Staff Publications

Staff Publications

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    'Staff publications' is the digital repository of Wageningen University & Research

    'Staff publications' contains references to publications authored by Wageningen University staff from 1976 onward.

    Publications authored by the staff of the Research Institutes are available from 1995 onwards.

    Full text documents are added when available. The database is updated daily and currently holds about 240,000 items, of which 72,000 in open access.

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    Modeling spatial pattern formation in plant development
    Adibi, Milad - \ 2017
    Wageningen University. Promotor(en): V. dos Santos, co-promotor(en): C. Fleck. - Wageningen : Wageningen University - ISBN 9789462956896 - 209
    plant development - mathematical models - patterns - arabidopsis thaliana - vascular system - xylem - auxins - modeling - systems biology - plantenontwikkeling - wiskundige modellen - patronen - arabidopsis thaliana - vaatsysteem - xyleem - auxinen - modelleren - systeembiologie

    Modern biological research is accumulating an ever-increasing amount of information on genes and their functions. It is apparent that biological functions can very rarely be attributed to a single genes, but rather arise from complex interaction within networks that comprise many genes. A fundamentally important challenge in contemporary biology is to extract mechanistic understanding about the complex behavior of genetic networks from the available data. The interactions within a genetic network are often exceedingly complex and no-linear in nature, and thus are not open to intuitive understanding. This situation has given rise to a host of mathematical and computational approaches aimed at in-depth analysis of genetic network topologies and dynamics. In particular these approaches focus on system level proprieties of these networks, not directly derivable from their constituent components. To a large extent the power of these theoretical approaches rely on meaningful reduction in complexity by utilizing justified simplifications and abstractions. The underlying principle is that in order to comprehend a mechanism, it is not necessary to take into account all the available information about the mechanism. Given this, Computational models that follow this approach focus on incorporating core components that are essential in answering a specific biological question, while simplifying/omitting the less relevant processes. A fundamental question is this regard is what simplifying concept should be employed when developing a theoretical model of a genetic network.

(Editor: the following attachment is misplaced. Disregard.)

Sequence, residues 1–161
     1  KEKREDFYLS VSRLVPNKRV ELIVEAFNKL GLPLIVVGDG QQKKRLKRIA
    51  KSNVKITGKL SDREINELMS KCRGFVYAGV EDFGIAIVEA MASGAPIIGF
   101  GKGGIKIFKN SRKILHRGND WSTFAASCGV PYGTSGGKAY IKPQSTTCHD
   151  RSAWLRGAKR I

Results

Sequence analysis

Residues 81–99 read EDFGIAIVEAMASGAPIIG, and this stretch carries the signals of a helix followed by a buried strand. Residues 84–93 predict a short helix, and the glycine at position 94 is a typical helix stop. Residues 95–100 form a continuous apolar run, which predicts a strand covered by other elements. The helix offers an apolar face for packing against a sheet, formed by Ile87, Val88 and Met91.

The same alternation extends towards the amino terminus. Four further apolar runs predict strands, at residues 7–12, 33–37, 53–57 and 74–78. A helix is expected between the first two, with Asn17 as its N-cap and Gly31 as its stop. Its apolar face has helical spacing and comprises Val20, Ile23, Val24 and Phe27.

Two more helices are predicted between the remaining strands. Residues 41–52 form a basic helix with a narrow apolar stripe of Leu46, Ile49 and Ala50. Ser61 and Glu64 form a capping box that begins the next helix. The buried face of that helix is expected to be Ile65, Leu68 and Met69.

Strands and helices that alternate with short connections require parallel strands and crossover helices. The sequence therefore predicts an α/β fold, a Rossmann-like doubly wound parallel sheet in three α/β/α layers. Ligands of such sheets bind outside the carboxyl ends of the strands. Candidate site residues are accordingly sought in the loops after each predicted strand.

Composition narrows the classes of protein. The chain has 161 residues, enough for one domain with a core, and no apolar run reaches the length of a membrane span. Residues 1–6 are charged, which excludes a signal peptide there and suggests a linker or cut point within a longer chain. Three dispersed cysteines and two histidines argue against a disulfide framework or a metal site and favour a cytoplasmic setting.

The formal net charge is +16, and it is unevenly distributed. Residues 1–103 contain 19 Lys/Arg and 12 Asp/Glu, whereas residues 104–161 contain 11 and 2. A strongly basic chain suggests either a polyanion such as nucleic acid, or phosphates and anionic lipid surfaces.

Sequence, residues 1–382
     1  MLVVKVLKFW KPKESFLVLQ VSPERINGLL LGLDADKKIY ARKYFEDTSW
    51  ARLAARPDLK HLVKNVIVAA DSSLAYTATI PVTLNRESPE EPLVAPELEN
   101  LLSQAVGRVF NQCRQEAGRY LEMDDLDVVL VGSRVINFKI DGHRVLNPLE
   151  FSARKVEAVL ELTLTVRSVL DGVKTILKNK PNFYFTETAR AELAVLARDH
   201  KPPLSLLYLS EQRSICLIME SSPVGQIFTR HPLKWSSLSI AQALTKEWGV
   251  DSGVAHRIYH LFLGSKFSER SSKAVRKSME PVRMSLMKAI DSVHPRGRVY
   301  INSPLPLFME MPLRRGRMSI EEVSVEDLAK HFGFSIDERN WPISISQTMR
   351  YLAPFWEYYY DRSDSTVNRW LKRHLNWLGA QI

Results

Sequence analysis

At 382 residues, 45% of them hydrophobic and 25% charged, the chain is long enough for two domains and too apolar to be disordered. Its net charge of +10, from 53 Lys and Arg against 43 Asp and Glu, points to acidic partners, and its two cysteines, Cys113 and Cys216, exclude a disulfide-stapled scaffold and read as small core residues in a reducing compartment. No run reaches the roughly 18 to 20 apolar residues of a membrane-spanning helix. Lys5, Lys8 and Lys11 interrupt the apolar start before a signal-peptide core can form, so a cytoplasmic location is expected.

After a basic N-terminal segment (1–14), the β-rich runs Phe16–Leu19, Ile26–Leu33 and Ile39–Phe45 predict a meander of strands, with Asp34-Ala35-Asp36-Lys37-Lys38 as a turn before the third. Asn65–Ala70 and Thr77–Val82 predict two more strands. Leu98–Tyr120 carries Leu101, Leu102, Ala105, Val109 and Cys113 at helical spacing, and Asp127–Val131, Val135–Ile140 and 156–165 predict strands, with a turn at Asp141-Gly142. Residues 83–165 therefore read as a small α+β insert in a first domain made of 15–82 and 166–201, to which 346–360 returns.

A successful approach to address this question is the notion of network motif analysis. This approach is based on the core idea that most genetic networks are not arbitrary nor unique, instead they can be categorized into common network dynamics and topologies that perform core functions. Analogous to components of an electric circuit (resistors, capacitor, etc.) these network motifs have distinct properties that are independent of the network that they are embedded in. Therefore analysis of genetic networks in terms of their constituent motifs can potentially be an effective mean in obtaining mechanistic understanding about them.

    In this thesis the network motif approach is utilized to study two instances of pattern formation in plant tissues. The first study focuses on organization of stem cells within the shoot apical meristem of the model plant, Arabidopsis thaliana. The results demonstrate that three interconnected network motifs can account for a range of experimental observations regarding this system. Furthermore through an exhaustive exploration of the available data, candidate genes and interactions corresponding to these motifs are outlined, thus paving the way for future interdisciplinary investigations.

    The second study explores the development of vasculature during arabidopsis embryogenesis. In contrast to shoot apical mersitem in mature plant, the cell number and arrangement of vasculature in highly dynamic during its embryonic development. To account for this feature, a computational framework was utilized that is capable of capturing the interplay between genes and cell growth and division. The outcome revealed that two interlocking networks motifs dynamically control both patterning and growth of the vascular tissue. The study revealed novel spatial features of a motif previously studies exclusively in non-spatial settings. Furthermore the study resulted in a compelling example of model-driven discovery, where theoretical analysis predicted a specific cellular arrangement to be crucial for the correct development of vasculature. Subsequent analysis of experimental data confirmed the existence of this cellular arrangement in the embryo.

    The projects presented in this thesis exemplify successful applications of the network motif approach in studying spatial genetic network. In both cases the networks were successfully examined in terms of their constituent motifs, which subsequently lead to increased mechanistic understanding of them. Ultimately the work presented in this thesis demonstrates the effectiveness of studying genetic networks by a combination of careful examination of available biological data and a reductionist modeling approach guided by the concept of network motifs.

    Structural basis for specific gene regulation by Auxin Response Factors
    Freire Rios, Alejandra - \ 2016
    Wageningen University. Promotor(en): Dolf Weijers. - Wageningen : Wageningen University - ISBN 9789462579538 - 190